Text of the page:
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The Ethics Of Driverless Cars

4 min read

Self-driving cars have the potential to transform the transportation industry. However, there are ethical considerations that need to be addressed. 

It seems that the future is already upon us. Many of us may remember reading comics or watching science fiction movies depicting robot taxis or self-driving vehicles. The entire automotive industry, it seems, is on the brink of a revolution with the emergence of self-driving cars.

These vehicles are potentially life-changing, with the possibilities of making commutes safer, more efficient, and environmentally friendly. Despite the benefits, there are some underlying ethical concerns which must be addressed before we go full Blade Runner or Jetsons.

Artificial Intelligence (AI) technology is at the centre of this revolution. We may be able to get machines to respond based on various situations, but actions based on thoughts, values and ethics are still beyond the capability of machines. There are various Real Time Operating Systems (RTOS) being used to power the AI. Some are versions of the open-source Linux operating system and some are proprietary, being developed by the manufacturers or AI developers themselves.

Safety vs EthicsThe main argument in favour of autonomous vehicles is the possibility of reducing accidents due to human error since AI does not suffer from fatigue, distractions or plain recklessness. However, if an accident is unavoidable, the AI has mere nanoseconds to decide and prioritise the safety of the passengers or pedestrians who may be affected. How would an AI value the lives of people in this case?

The AI just empowers vehicles to navigate the roads and make decisions on routes and driving patterns with minimal human intervention. But when things go wrong, we can’t just put the blame on the operating system. So in an accident, who would be at fault? Would it be the owner of the vehicle or the passengers? Or would the blame go to the vehicle manufacturer or the developer of the operating system or the company that customised the software? Clear lines of accountability in the event of an accident remains a pressing issue.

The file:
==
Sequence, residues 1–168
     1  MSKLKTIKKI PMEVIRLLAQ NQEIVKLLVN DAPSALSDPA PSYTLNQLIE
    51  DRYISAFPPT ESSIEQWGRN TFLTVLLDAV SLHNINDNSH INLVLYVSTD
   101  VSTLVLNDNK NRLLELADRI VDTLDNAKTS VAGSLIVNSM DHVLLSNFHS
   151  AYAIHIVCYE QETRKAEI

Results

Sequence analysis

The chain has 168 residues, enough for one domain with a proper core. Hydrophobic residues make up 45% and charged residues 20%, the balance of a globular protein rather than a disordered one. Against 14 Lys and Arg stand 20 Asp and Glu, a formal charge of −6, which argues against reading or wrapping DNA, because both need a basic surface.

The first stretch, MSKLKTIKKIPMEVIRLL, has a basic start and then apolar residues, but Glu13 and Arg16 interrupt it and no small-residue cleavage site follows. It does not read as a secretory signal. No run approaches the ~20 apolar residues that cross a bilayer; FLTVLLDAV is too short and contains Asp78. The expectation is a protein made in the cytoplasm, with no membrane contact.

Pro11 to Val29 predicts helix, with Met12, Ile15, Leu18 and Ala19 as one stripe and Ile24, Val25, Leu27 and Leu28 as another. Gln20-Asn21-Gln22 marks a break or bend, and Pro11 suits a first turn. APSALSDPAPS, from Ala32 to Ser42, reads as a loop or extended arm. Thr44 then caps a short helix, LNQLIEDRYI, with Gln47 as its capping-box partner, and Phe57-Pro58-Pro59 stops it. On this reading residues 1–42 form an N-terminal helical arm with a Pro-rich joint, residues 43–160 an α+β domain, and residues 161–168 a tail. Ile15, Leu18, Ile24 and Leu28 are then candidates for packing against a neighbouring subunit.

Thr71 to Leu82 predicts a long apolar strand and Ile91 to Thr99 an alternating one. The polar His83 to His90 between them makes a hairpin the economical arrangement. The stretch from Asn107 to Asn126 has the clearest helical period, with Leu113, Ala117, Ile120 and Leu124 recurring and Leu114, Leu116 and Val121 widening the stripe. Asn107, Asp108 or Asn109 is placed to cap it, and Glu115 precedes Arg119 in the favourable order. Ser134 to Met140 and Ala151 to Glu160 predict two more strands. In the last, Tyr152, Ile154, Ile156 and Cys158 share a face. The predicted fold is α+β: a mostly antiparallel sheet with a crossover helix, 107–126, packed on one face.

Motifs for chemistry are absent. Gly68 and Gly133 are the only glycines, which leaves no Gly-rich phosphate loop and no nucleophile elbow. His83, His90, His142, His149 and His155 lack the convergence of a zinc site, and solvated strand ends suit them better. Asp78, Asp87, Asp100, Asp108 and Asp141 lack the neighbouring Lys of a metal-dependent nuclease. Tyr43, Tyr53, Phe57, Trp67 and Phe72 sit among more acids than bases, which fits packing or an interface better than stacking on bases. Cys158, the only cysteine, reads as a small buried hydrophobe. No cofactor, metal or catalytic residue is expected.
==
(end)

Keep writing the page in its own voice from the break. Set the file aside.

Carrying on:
Data PrivacyUnlike people who may just want to drive from point to point without really remembering what transpired along the way, autonomous vehicles rely on an array of cameras and sensors to make decisions. This information is stored in the memory and can be accessed or retrieved. Apart from external conditions, conversations in the vehicle can also be recorded. This data should be protected from unauthorised access, hacking or unwarranted surveillance.

Security and Hacking
AI systems are not entirely immune to being hacked or affected by malware.
As AI systems become increasingly integrated into our daily lives, the potential for hacking and cyber attacks looms large. It is important that the AI systems be secured so as to protect lives and property.

Accessibility and Equity
For the initial phase at least, the ownership and access to driverless cars may only be available to a privileged few. Technology should ideally benefit all of society and not just the wealthy. Those less privileged and less mobile like the differently enabled and the elderly would clearly have their lives greatly improved from such technology. However, they may not have the means to acquire such vehicles.

With such high stakes in the automotive industry, most of the AI is kept closely guarded by the various manufacturers. Complex programming and algorithms are used in the AI decision-making process. But should the manufacturers of the AI systems be made to explain the logic behind the AI decisions? There must be a balance between the proprietary technology and transparency.

Human Oversight
Despite their name, self-driving cars may still require human intervention in certain situations. It has already been proven that the AI can’t quite decipher certain situations which were not in the existing programming. One such example was the TikTok video showing how the Tesla Model Y AI was confused by a horse and wagon in front of the car.

So the ethics in question here would be when should the human take control and when would the human be held accountable.

Autonomous vehicles can deliver much good to society, but it is important that the authorities, automotive industry, AI developers and the public come together to bring the benefits of automation for all to benefit. With a sense of ethical awareness, accountability, and empathy for all stakeholders.